By the way, great job on the behelit myth. I think you’ve hit something central that carries through from the myth of becoming a vampire through the “sociopath’s journey”. If true, this would explain the worship of snakes (symbolism of shedding one’s skin and being reborn). And I know when I put it like that it seems to downgrade that insight in some way, but that’s not my intent, because it really was a brilliant piece of work. Good job on you for hitting the core principle. Really. I do mean that.
I didn’t think it seemed to downgrade it. Frankly, I’m just glad it doesn’t strike you as complete nonsense. It is really hard to trust in these intuitions that I don’t really understand.
The frightening thing about edenism is how much of the mythos seems to be built on intuitions. Frightening, but also incredibly interesting. If correct, the implications are just as astonishing about our method of inquiry as they are about our conclusions.
Good point about the intuitionismnastics. It is weird, but I think overdue. After all, the brain is a complex beast, and the scientific method is just about the least efficient method for learning about it. For drawing conclusions with greater certainty, sure, the scientific method is great. But exploratory research? Like trying to haul lumber with a smart car.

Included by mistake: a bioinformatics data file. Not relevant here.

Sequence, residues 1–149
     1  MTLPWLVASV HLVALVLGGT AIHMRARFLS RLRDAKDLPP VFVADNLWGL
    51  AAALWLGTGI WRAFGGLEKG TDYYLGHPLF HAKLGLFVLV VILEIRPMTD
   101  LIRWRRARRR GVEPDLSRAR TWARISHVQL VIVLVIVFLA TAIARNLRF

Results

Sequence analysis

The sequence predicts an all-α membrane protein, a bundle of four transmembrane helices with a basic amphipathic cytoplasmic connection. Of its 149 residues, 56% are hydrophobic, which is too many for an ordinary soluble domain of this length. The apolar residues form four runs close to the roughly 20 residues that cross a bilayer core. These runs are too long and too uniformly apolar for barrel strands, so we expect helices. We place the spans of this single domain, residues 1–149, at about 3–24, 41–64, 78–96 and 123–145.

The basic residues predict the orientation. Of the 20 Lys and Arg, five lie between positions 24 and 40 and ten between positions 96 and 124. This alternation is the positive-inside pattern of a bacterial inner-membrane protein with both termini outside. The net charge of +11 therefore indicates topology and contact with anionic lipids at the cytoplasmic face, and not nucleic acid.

I think it is worth trying to figure out how this nonsense seems to work. This is just a starter post to get me thinking about the question.
Myths, in particular, seem to be a high-IQ version of what Steve Sailer calls “getting the joke”. They depend on motifs shared between the speaker and the listener, which support the creation of a more abstract motif. This motif-building is characteristic of high literature. Myths seem to share a lot in common with comedy, particularly having a quality (sometimes) that I can only verbalize as “more true than truth”. That is, they don’t have to be strictly correct in the details to feel true in form, and the truth can often be reconstructed from the compressed, mythical form back into its proper form.
“Getting” the joke or “getting” the myth seems to have a lot in common with “getting” women. When a woman makes a statement, she usually isn’t talking about the thing she’s talking about. On the other hand, what she’s talking about is probably only one or two steps removed from what she actually said. I think that might be why women place so much emphasis on a man’s sense of humor, and what he finds funny.